Home & Garden

What to know before you start storing potatoes

September and cooler temperatures remind us that it is time to think about storing potatoes so you can eat them during the winter months. Many gardeners have already dug for a few early potatoes, but most will dig a bulk of their crop when their potatoes are more mature, as indicated by the dying tops. But be sure to harvest the remaining crop before the first heavy frost.

As the potato vines begin to die, the skins on the potatoes “set” or become firm so that the potatoes won’t be skinned as they are dug. This is important since a potato with a thin skin will be damaged and will lose moisture through wounds on the skin reducing the time they can be stored. When the vines are about 75 percent dried up, harvest can begin.

Between now and harvest, you should continue a regular insect and disease control program because the vine damage now can result in reduced yields. A common garden fungicide and insecticide should be used at regular intervals to prevent foliage damage.

One common problem that often develops as the foliage begins to die is sunburn. Be sure that you have plenty of soil ridged along your potato rows to prevent sun from reaching the tubers and causing sunburn. This problem will increase as the vines begin to die back.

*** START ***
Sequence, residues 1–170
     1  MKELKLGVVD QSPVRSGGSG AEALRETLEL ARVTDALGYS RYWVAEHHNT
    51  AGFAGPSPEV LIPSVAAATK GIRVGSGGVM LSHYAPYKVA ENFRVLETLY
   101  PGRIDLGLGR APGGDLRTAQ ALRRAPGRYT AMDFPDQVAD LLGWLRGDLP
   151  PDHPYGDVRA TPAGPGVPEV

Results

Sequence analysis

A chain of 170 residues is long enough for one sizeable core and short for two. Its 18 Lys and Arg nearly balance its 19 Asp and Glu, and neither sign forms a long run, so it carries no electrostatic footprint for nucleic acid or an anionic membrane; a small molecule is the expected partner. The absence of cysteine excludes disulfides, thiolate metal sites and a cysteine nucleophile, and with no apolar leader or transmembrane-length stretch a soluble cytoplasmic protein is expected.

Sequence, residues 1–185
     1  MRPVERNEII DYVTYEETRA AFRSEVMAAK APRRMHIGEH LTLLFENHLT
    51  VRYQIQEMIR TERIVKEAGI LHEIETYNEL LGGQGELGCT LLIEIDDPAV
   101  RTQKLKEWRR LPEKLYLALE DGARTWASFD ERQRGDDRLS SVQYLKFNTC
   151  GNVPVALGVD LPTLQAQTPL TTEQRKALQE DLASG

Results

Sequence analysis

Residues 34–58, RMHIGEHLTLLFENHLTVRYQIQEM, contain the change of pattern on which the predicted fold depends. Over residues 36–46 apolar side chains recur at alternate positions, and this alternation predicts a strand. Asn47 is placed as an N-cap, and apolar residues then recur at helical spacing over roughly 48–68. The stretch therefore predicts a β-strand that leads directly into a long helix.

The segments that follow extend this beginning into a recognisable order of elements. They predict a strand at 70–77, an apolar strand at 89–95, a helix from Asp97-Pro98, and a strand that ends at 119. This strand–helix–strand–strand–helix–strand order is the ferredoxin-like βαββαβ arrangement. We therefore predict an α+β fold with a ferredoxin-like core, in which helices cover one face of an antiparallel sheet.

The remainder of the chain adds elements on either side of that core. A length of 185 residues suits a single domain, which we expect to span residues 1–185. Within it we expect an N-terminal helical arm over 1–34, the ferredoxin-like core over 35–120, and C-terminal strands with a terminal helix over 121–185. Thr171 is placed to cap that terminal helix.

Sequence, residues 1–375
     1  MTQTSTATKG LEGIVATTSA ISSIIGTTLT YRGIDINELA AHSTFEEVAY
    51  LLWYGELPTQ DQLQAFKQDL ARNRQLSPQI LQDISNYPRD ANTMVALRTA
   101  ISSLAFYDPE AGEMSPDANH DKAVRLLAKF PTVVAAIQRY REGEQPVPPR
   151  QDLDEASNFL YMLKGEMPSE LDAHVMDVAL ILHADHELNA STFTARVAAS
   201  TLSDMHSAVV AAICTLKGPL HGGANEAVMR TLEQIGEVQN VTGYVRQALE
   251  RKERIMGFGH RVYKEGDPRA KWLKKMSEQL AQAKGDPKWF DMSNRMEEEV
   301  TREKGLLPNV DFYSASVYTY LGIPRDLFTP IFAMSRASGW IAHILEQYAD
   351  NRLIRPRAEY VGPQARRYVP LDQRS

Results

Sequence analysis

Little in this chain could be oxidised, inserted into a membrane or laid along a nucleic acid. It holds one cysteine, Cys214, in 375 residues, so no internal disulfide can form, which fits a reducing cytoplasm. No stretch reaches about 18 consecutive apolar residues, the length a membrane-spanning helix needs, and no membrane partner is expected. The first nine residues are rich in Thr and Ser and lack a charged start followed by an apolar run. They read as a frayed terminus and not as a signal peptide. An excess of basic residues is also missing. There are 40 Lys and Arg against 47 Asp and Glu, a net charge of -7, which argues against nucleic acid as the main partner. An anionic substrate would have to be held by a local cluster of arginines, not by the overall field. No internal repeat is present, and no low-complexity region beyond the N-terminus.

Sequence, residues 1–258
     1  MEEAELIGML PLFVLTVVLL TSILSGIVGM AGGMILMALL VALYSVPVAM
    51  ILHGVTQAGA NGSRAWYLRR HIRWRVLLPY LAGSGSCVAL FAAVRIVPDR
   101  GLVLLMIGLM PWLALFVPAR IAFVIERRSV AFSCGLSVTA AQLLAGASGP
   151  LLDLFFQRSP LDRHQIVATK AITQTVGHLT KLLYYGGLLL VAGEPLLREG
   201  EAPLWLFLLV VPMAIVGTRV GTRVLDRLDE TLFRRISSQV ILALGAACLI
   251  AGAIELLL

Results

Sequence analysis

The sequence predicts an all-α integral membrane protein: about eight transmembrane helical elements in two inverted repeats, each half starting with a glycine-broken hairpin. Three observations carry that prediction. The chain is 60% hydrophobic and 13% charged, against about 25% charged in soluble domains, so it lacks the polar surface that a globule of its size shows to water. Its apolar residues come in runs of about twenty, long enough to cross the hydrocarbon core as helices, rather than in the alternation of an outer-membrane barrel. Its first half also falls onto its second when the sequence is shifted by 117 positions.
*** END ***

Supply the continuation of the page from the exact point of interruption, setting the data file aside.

As soon as the potatoes are dug, remove them from direct sunlight. Handle the tubers gently to prevent skin damage. Although they may look like rocks, they are not — they’re living organisms that respire and any wound will cause increased respiration and loss of quality. Discard any damaged or defective potatoes before they are stored to prevent rotting

It is best to not wash the potatoes if you plan to store them for a long period, since skin damage can occur in the washing process.

Most potato varieties have a dormancy period of about six to eight weeks after they are dug. After this period, they may start to sprout. Sprouting can be delayed by storing the potatoes in a cool, dark location. A root cellar is the ideal place.

Potatoes in large commercial storage facilities are treated to prevent sprouting, but these materials are not available in small quantities for home gardeners and their use is restricted.

Store potatoes in a well-ventilated, dark room at about 40 degrees for best storage life and minimum sprouting. Damaged or deteriorating potatoes should be removed from storage, so make periodical checks.

Now you can enjoy your potatoes for your Thanksgiving meal and even make leek and potato soup this winter.

Bill Lamont is a professor and extension vegetable specialist in the department of plant science at Penn State and can be reached by email at wlamont@psu.edu.